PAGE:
4. Sponsored research projects should be consistent with the policies and missions of the department(s) and of the college(s) in which the research will be conducted. The research should be directed by faculty within established units of the University such as departments, schools, centers, bureaus and institutes. Cooperative programs cutting across academic units are also encouraged.
  5. Research projects should be managed so as to avoid disruption of established research and teaching programs of the institution, for example.
    1. Sponsored research should be accepted only if appropriate space and facilities are available.
    2. As appropriate, provisions should be made for continuity of support in order to stabilize required staff.
  6. Reports to sponsoring agencies should be consistent with the requirements of the project. They should be submitted promptly to avoid unprofitable expenditures of time and energy on the part of the sponsoring agency and the researcher. Payment to the University on fixed price contracts is contingent upon submission of reports which, if not forthcoming, may result in "freezing" large sums of University funds in support of such research. Rapidly changing and unforeseen research directions may make frequent reporting desirable.
  7. In seeking or accepting support for research, care should be exercised to insure compatibility with the functions and purposes of research at the University. Routine testing as an end in itself is considered incompatible with the purposes of University research.
  8. The University should retain for its scholars the right of first publication. The imposition of restriction on publication of research results is incompatible with the basic concept of an educational institution. Exigencies of national defense may at times make exceptions to this policy on publication necessary. No publication, statement, or activity, either on behalf of the University or by an individual in their official capacity, shall endorse any commercial product, or advocate any specific commercial method or device, either directly or by implication.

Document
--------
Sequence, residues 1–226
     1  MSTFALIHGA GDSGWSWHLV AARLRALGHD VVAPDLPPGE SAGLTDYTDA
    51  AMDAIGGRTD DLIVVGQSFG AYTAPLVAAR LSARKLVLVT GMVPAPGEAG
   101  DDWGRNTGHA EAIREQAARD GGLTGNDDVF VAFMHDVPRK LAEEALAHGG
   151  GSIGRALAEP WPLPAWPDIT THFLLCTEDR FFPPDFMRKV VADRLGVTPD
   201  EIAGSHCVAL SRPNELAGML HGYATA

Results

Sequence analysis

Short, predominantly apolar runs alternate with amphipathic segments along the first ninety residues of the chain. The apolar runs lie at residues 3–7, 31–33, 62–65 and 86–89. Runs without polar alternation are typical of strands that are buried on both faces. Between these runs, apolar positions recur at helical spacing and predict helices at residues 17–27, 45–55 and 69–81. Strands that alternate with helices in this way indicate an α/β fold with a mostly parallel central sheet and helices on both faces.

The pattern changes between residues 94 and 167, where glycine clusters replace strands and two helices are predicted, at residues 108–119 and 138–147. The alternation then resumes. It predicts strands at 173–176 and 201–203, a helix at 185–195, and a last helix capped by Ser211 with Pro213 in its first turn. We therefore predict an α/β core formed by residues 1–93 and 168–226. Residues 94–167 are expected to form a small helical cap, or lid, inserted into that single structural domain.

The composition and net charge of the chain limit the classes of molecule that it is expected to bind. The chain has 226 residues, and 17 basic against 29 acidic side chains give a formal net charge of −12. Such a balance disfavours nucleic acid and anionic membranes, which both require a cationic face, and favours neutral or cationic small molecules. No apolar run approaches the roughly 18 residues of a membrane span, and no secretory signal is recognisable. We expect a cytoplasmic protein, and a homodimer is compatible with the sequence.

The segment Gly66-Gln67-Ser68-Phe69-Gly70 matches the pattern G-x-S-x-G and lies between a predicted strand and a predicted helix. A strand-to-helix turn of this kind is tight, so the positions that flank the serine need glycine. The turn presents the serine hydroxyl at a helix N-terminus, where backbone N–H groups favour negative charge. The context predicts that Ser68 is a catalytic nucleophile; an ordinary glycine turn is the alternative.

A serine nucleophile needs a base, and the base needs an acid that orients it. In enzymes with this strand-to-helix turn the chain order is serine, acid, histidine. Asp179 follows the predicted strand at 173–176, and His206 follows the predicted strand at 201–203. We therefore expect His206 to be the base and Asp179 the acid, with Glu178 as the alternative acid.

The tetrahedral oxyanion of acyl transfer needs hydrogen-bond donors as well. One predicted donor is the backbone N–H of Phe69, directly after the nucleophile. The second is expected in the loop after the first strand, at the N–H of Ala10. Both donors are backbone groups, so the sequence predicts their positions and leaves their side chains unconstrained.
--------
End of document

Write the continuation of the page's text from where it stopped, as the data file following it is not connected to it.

9. The University should make a continuous effort to see that its own members are provided with sufficient information on overall cost of research and other financial matters concerning grants and contracts so as to minimize internal misconceptions that arise with regard to justifiable allowances for indirect costs.
  10. The entire cost of sponsored research should be carefully determined; if grants or contracts are accepted which do not cover the direct and indirect costs, the institution should itself provide the additional financial support with the full recognition that it is making a contribution to the cost of the work.
  11. Research proposals should include in their budgets provisions for special costs for services such as computer operations, electron microscopy, publishing costs, and shop fabrications.
  12. Research projects must conform to established University policy on patent rights. (See section on Patents)
  13. Research projects which involve use of animals, human subjects or hazardous substances such as toxic compounds, infectious agents, explosives, radioactive isotopes or recombinant DNA, etc. must conform to current University policies and guidelines. (Consult the Office of the Vice President for Research and Graduate Studies.)
Back to Faculty Handbook